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When to tip and when to skip to avoid 'tipflation'

While we're paying more for just about everything these days, you've probably also noticed you're being asked to tip more than ever too. Don't be afraid to say no!

HOUSTON — You’ve heard of inflation and shrinkflation but how about tipflation? It seems like more businesses than ever are expecting tips these days. 

"It's a relatively new phenomenon," Dipayan Biswas, a marketing and business professor at the University of South Florida, said.

Biswas has studied tipping for a decade and believes the boom started with the introduction of digital kiosks. Then, the COVID-19 pandemic happened, along with inflation, and businesses allow tipping to make jobs more lucrative.

"So, that's my biggest worry that it might actually affect the industry where it really matters the most," Biswas explained.

Etiquette expert Thomas P. Farley has a "tip without hesitation list" that can help you decide. He gladly gives gratuity to servers, bartenders and bathroom attendants.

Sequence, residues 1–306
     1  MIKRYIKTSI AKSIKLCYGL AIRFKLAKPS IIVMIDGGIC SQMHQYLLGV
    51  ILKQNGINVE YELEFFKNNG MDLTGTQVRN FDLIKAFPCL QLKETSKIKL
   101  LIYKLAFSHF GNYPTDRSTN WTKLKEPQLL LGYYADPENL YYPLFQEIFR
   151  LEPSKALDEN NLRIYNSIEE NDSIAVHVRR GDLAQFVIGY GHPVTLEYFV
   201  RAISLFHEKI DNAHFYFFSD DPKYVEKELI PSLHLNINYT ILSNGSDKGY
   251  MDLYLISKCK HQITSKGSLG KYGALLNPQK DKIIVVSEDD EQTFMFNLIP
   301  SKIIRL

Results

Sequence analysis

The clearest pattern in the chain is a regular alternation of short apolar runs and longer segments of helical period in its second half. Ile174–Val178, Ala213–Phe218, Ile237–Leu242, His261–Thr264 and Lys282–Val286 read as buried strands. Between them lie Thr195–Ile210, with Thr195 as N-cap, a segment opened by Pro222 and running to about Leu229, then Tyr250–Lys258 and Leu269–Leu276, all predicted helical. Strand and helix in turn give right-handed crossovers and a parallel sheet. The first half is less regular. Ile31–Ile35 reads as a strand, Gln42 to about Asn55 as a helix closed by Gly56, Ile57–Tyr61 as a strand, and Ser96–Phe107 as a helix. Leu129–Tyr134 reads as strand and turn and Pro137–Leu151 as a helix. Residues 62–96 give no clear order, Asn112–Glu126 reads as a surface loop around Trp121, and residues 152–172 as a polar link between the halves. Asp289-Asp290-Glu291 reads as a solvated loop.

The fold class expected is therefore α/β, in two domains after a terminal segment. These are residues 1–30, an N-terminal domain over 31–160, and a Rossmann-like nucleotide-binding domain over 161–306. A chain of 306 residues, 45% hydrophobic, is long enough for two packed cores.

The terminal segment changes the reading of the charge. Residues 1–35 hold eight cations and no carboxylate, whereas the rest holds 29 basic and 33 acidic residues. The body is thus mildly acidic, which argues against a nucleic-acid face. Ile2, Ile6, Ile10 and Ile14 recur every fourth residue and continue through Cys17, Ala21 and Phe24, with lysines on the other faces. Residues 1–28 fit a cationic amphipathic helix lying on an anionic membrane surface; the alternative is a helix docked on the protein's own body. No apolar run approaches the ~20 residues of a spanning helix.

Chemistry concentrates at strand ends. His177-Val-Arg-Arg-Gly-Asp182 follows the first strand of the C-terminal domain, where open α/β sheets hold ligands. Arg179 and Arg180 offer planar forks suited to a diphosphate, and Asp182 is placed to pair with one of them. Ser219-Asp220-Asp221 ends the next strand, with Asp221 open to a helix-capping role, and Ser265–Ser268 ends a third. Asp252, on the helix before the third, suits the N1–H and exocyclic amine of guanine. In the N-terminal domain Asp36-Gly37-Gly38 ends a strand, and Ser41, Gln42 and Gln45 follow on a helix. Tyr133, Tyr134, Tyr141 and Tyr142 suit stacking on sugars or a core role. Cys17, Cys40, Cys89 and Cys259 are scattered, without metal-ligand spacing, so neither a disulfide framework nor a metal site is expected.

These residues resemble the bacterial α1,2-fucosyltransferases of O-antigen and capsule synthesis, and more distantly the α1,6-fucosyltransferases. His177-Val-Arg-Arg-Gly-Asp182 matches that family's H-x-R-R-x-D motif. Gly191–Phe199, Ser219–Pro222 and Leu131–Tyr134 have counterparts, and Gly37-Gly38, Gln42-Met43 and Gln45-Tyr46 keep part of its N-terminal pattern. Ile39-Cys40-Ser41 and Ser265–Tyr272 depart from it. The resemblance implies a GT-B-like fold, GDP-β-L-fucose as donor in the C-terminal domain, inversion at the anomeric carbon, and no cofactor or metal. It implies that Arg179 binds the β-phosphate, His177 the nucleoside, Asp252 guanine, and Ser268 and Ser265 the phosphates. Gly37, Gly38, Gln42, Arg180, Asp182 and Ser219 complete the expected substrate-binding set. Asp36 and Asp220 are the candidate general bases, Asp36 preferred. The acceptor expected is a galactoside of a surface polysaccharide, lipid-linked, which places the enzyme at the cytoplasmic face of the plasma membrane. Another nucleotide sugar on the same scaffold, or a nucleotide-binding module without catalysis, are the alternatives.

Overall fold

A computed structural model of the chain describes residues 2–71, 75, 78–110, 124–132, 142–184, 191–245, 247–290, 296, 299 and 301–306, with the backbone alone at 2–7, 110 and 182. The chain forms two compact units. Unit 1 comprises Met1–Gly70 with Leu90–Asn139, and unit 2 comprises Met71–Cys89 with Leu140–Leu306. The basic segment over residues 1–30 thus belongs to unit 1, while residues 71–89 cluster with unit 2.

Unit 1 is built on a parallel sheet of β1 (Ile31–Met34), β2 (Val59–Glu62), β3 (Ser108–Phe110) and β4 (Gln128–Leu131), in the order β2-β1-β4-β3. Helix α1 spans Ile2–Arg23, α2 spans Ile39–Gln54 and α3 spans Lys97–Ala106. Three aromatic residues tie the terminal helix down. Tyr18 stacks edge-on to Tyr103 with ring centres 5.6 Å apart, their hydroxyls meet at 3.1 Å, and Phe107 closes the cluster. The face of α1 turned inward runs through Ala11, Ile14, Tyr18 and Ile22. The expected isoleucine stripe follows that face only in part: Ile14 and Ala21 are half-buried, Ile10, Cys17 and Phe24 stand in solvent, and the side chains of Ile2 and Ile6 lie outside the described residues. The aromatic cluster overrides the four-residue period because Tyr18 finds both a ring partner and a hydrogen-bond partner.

Financial guru Dave Ramsey has a much longer list of who to tip. He also offers guidance on how much to give. 

"The very concept of a tip is that we are rewarding a service employee who's being paid less than minimum wage," Farley said. "I really wonder, where is the line? Will you one day be in your doctor's office or your dentist's office, will you be tipping?"

To avoid tipping, especially the kind that gets added automatically, Farley recommended paying in cash. He also said you shouldn’t feel pressured or guilty about not giving a gratuity.

The bottom line? It's your choice!

"You need to own your position, you do not need to feel guilty about it,” Farley said.

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